Ancient game boards and compass discovered in southern Iran

Archaeological studies on some engravings on rocks on Khark Island have identified them as a compass and ancient game boards.

The engravings are between 2000 and 3000 years old, archaeologist Reza Moradi Ghiasabadi, who conducted the recently concluded studies, told the Persian service of CHN on Saturday.

The compass has been etched in rectangular form with rounded angles on a flat rock located on the ground beside an ancient route, Moradi Ghiasabadi explained. A curve has been engraved on the upper half and four lines forming a cross stretch to the four sides of the rectangular shape, he noted.

The lines have been placed in a position to determine the cardinal points and have only two degrees of error based on the Global Positioning System (GPS), he added.

The compass has been damaged in some parts because it appears to have been severed from a larger rock in a collapse.

“It is a unique discovery in Iran and a great effort should be made to safeguard it because we must not relocate it due to its use in positioning,” Moradi Ghiasabadi noted.

He has also discovered a series of game boards carved in different shapes on stone and coral rocks, mostly on the shoreline.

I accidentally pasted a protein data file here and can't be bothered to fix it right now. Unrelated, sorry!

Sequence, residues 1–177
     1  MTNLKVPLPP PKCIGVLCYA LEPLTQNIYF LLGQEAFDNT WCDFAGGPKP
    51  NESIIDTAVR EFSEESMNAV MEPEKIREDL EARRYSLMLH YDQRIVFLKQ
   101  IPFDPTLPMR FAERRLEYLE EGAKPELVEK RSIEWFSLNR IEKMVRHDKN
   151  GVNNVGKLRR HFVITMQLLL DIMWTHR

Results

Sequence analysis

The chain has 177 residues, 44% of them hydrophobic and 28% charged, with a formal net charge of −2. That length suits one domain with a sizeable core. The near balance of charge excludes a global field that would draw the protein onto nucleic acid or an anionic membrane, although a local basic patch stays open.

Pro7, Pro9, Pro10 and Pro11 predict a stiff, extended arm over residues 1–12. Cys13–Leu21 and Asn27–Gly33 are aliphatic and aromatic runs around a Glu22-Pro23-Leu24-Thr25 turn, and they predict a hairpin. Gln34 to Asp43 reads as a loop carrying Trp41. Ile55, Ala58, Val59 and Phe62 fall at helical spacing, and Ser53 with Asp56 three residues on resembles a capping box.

The game boards, which are being threatened by erosion, bear round holes measuring four to ten centimeters in diameter.

Archaeologists had previously discovered wooden game boards at the 5200-year-old Burnt City, near the city of Zabol in Sistan-Baluchestan Province, and a similar game board made of stone in Kermanshah.

The Khark game boards have been created in different shapes and are something like modern backgammon boards, Moradi Ghiasabadi stated. He has identified seven types of ancient game board on the island so far.

In mid-November 2007, an Achaemenid era stone inscription was discovered during a road construction project on Khark Island, which reads “(This) land was a dry area with no water; (I) brought happiness and welfare, Bahana… water wells.”

The cuneiform inscription, which is etched on a piece of uneven rock encrusted with coral, is also threatened by the forces of nature and vandalism because the valuable relic has been provided no protection.

Photo: An ancient game board, Khark Island

Tehran Times Culture Desk